You’re living through extraordinary times, on a personal and communal level. Consider sharing with your journal what you share in conversation with your friends and families—or the thoughts you’re thinking but not expressing.

Your journals are just for you. Don’t feel you have to make a compete record of your experiences, with photos, or pressed flowers, or theater tickets. Some days you might feel like scrapbooking; other days, you may want to use the bullet-point method of jotting down your day’s activities to use to jog your memory later. Your journal writing doesn’t have to be perfect, grammatically correct, or demonstrate your calligraphic handwriting skills.

Keeping a journal helps you articulate your thoughts and feelings and can be a therapeutic “safe space” to record your emotions, preserve your memories, and reflect honestly on how your life experiences are aligning with your life goals. The act of writing is a useful technique for self-awareness and personal growth. It’s true: sometimes you discover what you’re thinking or feeling as you write!

blank journal with flowers
Image by Monfocus from Pixabay

For inspiration, explore these diaries from famous authors and regular people, which can be found in the TCL catalog or for free online:

Happy reading—and journaling!

This post was contributed by Aviva Adler, Librarian, Touro College Israel

The Joyous Holiday of Lag BaOmer

This year, on May 12, Jews will be celebrating the joyous holiday of Lag BaOmer.

typewrite with lag baomer typed out
Photo by Marco Verch (trendingtopics). CC BY 2.0.

What is Lag BaOmer?

Gematria, or Jewish numerology, is related to the philosophy of number and mathematics. ‘Lag’ stands for the Hebrew letters lamed — numerical value of 30 — and gimel — numerical value of 3 — with a sum of 33; this marks the 33 days of the Counting of the Omer in the Hebrew calendar. The Omer was a religious rite observed in the Temple on the second night of Passover.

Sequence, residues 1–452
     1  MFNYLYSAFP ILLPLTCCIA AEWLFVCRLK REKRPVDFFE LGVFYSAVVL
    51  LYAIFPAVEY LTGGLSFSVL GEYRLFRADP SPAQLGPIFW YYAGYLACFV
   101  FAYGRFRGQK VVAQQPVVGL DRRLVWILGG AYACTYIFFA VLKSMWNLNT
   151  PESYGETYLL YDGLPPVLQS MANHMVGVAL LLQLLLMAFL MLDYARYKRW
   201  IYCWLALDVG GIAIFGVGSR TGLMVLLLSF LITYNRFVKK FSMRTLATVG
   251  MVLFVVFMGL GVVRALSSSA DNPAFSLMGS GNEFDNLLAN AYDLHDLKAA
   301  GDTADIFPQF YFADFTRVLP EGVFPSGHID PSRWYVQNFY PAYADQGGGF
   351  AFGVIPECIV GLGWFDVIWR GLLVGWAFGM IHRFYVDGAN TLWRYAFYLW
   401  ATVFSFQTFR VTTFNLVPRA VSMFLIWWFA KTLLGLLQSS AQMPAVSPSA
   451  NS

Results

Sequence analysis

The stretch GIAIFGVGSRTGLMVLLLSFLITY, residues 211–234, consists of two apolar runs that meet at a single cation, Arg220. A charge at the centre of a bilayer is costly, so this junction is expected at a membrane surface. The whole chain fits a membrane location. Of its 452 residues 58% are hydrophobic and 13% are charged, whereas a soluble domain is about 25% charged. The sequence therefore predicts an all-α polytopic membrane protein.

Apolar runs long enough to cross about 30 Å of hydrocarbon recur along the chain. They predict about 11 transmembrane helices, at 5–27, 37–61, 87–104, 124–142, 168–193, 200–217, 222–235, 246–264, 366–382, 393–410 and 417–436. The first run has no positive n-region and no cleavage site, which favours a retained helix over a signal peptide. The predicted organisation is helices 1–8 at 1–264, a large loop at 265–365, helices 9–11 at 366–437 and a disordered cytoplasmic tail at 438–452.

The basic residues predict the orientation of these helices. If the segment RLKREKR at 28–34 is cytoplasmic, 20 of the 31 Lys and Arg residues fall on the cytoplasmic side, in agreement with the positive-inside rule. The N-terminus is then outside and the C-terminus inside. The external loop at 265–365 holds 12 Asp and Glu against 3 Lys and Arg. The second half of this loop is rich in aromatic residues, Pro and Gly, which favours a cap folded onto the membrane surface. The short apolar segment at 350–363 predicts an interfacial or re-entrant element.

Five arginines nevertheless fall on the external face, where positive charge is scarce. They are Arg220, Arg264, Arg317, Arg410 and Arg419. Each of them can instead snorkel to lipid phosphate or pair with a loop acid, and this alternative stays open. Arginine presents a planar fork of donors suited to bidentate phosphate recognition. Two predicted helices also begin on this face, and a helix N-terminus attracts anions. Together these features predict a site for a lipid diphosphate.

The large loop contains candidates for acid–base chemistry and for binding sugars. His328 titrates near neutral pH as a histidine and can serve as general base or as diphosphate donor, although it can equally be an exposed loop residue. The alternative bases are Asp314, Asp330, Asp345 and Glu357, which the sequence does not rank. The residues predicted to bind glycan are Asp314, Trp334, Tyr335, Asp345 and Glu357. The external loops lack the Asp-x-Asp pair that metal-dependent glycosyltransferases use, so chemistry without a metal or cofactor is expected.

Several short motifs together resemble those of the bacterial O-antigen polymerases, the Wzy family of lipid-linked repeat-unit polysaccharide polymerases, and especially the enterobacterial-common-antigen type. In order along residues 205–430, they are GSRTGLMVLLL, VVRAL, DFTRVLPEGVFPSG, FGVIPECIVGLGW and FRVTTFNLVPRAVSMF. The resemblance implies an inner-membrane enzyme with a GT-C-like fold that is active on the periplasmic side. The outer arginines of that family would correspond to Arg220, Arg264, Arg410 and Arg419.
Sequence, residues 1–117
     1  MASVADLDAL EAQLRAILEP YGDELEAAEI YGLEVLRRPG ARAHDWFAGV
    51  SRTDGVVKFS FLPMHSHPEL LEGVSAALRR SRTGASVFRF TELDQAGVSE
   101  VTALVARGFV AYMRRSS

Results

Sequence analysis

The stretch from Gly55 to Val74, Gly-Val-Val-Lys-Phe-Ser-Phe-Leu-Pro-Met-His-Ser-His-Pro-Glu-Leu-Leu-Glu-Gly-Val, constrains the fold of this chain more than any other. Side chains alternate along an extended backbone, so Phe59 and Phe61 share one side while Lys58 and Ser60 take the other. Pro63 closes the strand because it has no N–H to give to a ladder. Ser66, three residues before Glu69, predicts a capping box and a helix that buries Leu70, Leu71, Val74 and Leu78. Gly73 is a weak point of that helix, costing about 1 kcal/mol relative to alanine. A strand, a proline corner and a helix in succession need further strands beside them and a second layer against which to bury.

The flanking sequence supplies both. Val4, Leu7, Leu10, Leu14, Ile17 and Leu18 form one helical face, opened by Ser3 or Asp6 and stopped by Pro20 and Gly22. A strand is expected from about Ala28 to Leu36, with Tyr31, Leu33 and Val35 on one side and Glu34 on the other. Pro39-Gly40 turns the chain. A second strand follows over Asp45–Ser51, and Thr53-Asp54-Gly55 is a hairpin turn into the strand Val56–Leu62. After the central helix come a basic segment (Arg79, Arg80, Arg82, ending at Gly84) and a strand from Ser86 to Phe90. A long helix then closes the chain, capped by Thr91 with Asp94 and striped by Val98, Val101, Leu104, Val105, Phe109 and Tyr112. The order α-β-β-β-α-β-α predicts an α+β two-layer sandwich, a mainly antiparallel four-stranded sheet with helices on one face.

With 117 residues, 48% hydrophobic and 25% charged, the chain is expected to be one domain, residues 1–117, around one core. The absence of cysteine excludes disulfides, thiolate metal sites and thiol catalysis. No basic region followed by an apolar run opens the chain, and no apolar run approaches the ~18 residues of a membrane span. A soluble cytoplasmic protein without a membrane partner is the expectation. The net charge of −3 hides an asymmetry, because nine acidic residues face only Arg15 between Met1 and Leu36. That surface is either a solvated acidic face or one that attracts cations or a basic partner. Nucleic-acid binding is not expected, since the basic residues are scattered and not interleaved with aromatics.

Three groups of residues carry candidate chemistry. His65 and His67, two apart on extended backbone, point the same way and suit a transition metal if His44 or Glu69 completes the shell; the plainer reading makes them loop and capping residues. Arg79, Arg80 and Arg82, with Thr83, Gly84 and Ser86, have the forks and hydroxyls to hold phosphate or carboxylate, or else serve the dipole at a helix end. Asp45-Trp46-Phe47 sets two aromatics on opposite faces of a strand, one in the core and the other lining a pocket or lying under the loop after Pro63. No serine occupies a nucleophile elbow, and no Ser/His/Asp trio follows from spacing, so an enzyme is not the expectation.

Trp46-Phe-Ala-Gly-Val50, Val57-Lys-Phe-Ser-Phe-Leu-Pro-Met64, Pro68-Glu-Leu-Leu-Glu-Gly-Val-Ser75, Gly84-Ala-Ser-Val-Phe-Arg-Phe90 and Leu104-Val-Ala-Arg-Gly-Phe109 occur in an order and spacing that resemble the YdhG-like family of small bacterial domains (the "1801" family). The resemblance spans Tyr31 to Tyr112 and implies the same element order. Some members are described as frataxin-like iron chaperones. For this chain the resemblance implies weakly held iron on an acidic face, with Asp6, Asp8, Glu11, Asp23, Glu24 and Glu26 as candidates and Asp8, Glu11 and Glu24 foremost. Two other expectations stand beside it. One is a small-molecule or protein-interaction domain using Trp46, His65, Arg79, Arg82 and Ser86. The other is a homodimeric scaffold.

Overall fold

There are some similarities between Lag BaOmer (sometimes spelled Lag B’omer) and the current quarantine and social distancing necessitated by the novel coronavirus pandemic.

Rabbi Akiba and the Plague

The 33rd day after the beginning of Passover is celebrated as Lag BaOmer, because it was on that day that the deaths of Rabbi Akiba’s disciples ceased.

According to the Talmud, in the 2nd century CE, there was a plague that killed 40,000 disciples of the great Jewish mystic, Rabbi Akiba. The Talmud shares that this plague is a punishment for their not showing proper Jewish ethical respect, or derekh eretz (proper behavior and manners), towards each other, and for their lack of manifest proper ahavas yisrael (love of Israel) and love of all creatures (kavod ha-briut). Because of this tragic event, the weeks between Passover and Shavuot are observed as a mourning period, not only for the ethical failings of Rabbi Akiba’s disciples in the interhuman (bain adam li havaro/das zwischenmentshliche) and their lack of care and loving kindness (hesed) for each other, but also the destruction of the Temple that Rabbi Akiba merited to have witnessed. Significantly, it was on Lag BaOmer that Rabbi Akiba’s disciples ceased dying from the plague.

Rabbi Shimon bar Yochai

Rabbi Akiba had five disciples who actually survived the plague. One of them, Rabbi Shimon bar Yochai, also known as the Rashbi, was a great Jewish mystic who eventually went into a kind of quarantine by hiding in a cave to escape persecution by the Romans. In the cave, he lived ascetically, eating only carob, with his son to whom he transmitted esoteric mystical teachings of Kabbalah. It was on Lag BaOmer that Rabbi Shimon bar Yochai felt that it was safe to leave the cave after many years; many years later, the Rashbi would pass away on Lag BaOmer, making that day his yahrtzeit, or anniversary of his death, a day of commemoration in Judaism. Thus, Lag BaOmer is considered a day of Kabbalistic significance in the Jewish calendar.

rashbi's cave
The site some identify as the Rashbi’s cave. Photo by Deror_avi.  CC-BY-SA 4.0

Beyond “Business as Usual”

Perhaps the being stuck at home now will spark us to devote more time to the quest for intellectual, spiritual, and moral virtue, rather than assuming a “business as usual” attitude.